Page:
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Social Security benefits are not ever prorated
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Q: It has always puzzled me why Social Security takes back a person's Social Security check for the month he or she dies. My aunt recently died. And as her executor, I was counting on using her last Social Security check to pay off some of her bills. But the government took that money away from me. Can you explain that?

A: Simply put, the law has always said that you must meet all the eligibility requirements for a Social Security benefit for an entire month to be eligible for a payment for that month. That is why Social Security benefits are paid a month in arrears (the May check is paid in June, the June check in July, etc.); to make sure a person is eligible for a benefit for the prior month.

Obviously, one of the eligibility rules is that a person be alive. And again, you must be alive for the entire month to get the benefit for that month. So, for example, if your aunt died in May, whether it might have been May 2nd or May 30, then she (and her estate) is not due the May Social Security check. In other words, the check that comes in June (the May benefit) must be returned.

Another way to put that is this: Social Security checks are not prorated. They never have been and probably never will be. But what most people don't think about is the flip side of that coin. The law does allow a person to get their first Social Security check for the month they are due benefits, even though they might not be eligible until later in the month. For example, my brother was born on June 22. He took his benefits at age 65. And he got his first Social Security check for the entire month of June, even though he was only 65 for 8 days of the month.

Think of it this way: The law presumes you'd rather have that extra benefit up front while you are alive; as opposed to your family getting the proceeds of your last check after you are dead!

Q: When my father died about five years ago, my mother got the $255 burial benefit from Social Security. About a month ago, my father-in-law died. But his wife, my mother-in-law, who has been in a nursing home for about 10 years, never got any burial money. We asked Social Security about that, and they said we are not due anything. When we asked why, all they told us is, "It's the law." Were they correct?

A: Well, their answer was technically correct. But they certainly could have done a better job of explaining the law.

Before I do that, I must clarify one misconception about this one-time $255 death benefit. It is not, and never was intended to be, a "burial benefit." And good thing it isn't because $255 would barely cover the cost of flowers at most funerals today!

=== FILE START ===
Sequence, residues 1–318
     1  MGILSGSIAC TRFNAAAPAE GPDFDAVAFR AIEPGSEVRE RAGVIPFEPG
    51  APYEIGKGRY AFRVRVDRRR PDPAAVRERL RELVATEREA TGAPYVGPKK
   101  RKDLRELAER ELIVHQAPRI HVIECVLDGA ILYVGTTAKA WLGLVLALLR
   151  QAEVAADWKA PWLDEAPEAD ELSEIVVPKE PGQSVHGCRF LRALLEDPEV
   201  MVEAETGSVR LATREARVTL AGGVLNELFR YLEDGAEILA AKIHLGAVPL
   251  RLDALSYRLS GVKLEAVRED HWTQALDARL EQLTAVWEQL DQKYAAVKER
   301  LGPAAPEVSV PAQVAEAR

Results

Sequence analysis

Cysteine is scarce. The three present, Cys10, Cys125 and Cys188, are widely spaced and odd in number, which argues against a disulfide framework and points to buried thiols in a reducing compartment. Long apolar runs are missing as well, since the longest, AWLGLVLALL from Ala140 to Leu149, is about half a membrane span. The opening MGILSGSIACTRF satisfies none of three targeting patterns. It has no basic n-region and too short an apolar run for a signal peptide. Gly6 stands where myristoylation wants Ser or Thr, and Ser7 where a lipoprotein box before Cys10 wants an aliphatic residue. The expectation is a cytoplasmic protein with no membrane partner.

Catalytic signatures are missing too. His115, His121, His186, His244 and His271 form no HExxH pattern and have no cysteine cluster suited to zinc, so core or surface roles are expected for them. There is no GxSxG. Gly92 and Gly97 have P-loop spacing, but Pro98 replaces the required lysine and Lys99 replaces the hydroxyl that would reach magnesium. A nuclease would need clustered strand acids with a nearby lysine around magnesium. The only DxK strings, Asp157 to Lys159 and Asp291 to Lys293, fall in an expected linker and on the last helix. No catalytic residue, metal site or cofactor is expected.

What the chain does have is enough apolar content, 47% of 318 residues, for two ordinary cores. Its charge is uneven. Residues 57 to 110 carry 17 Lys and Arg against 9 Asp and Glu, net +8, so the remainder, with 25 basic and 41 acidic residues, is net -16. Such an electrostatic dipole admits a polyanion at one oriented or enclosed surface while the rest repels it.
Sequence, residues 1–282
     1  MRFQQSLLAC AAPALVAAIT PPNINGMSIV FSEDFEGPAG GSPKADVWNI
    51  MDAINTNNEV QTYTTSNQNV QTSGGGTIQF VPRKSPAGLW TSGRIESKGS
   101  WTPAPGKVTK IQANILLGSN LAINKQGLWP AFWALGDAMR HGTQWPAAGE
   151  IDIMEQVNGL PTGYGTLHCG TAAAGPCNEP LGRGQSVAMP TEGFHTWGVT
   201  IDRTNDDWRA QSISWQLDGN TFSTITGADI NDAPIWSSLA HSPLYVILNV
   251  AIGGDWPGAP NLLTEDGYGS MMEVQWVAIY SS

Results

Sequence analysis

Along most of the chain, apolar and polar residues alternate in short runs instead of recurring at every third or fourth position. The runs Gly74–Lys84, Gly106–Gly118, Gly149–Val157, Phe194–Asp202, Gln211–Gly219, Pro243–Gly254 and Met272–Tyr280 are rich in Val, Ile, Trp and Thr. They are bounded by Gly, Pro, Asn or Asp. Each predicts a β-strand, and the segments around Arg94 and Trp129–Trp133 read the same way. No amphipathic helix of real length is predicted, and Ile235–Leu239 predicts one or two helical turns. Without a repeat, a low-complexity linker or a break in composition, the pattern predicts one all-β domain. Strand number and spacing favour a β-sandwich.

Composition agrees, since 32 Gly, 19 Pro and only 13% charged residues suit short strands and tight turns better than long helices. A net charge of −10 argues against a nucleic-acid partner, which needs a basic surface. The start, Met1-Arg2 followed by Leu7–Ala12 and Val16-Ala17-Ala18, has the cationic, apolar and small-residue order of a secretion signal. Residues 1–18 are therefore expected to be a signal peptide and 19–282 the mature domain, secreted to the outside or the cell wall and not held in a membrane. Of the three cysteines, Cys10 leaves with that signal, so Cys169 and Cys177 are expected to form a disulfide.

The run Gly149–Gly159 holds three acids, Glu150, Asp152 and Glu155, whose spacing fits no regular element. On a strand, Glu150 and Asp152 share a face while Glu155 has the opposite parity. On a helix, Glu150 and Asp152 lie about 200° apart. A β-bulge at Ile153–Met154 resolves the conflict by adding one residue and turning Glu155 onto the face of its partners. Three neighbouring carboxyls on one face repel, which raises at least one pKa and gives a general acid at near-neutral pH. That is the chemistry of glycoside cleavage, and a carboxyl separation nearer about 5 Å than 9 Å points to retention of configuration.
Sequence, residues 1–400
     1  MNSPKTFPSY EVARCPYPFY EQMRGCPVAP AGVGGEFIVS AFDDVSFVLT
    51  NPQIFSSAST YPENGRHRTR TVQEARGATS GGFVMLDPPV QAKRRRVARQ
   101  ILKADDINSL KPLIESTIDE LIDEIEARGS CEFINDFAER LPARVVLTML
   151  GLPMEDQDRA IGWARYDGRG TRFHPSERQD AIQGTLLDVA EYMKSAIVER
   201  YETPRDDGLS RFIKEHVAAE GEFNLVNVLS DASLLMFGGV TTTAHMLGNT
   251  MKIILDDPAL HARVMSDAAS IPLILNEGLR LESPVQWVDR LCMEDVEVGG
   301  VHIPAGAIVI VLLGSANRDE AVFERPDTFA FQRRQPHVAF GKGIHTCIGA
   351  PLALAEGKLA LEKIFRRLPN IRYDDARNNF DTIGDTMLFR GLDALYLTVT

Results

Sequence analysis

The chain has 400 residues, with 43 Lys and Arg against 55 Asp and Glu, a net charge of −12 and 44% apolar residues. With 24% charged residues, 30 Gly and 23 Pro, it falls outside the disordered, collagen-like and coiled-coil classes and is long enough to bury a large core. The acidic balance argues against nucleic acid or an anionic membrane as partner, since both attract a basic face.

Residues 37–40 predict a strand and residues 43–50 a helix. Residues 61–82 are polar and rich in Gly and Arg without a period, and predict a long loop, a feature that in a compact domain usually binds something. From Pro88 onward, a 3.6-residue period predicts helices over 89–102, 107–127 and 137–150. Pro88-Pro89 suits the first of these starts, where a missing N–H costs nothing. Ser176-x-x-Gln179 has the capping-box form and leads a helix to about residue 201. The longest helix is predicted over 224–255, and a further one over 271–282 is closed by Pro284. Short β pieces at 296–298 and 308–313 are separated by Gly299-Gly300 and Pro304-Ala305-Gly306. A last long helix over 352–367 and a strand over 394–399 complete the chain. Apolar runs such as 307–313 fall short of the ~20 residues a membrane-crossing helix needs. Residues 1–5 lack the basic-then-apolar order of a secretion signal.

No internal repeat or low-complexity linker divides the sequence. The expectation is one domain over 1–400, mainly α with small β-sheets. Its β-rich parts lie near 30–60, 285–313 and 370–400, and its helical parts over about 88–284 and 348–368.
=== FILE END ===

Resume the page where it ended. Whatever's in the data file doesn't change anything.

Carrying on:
This death benefit is a holdover from the very earliest days of the Social Security program. It started out as a means of refunding a small portion of the taxes a person paid into the Social Security system if he or she died before having a chance to collect monthly benefits. Over the years, that simple "refund" of taxes that was paid only to the family members of non-beneficiaries morphed into a death benefit payable to the family members of just about everyone.

The benefit amount was locked in at $255 about 40 years ago. Since then, it's never gone up and has never gone down. Attempts are occasionally made to simply eliminate this almost worthless payment. But every time that happens, senior citizen groups inundate Congress with letters of protest and so the little death benefit remains in law.

Back in the 1980s, the Reagan administration did have the guts (although others would say the gall) to take on those seniors and they lobbied Congress to at least nibble away at the death benefit. They changed to law to say that the death benefit can be paid only to a surviving spouse WHO WAS LIVING WITH THE DECEASED AT THE TIME OF DEATH. Your mother-in-law was apparently not living with your father-in-law. (You said she was in a nursing home for the past decade.) So she isn't due the money.

If I was in charge of all Social Security laws, I would either play Scrooge and simply eliminate the almost worthless benefit. Or, I would play Santa Claus and raise the death benefit to $2,500 to make it more meaningful. Also, I would pay it to the next of kin or to the person who is handling the deceased estate.

However, if I chose to increase the death benefit, I'd want to come up with some way to pay for the added costs to the program. I would do that by closing the current loophole that allows well-to-do retirees to collect dependent spousal benefits between age 66 and 70 before switching to their own augmented retirement benefits at age 70. This is the restricted application policy I have discussed many times in this column.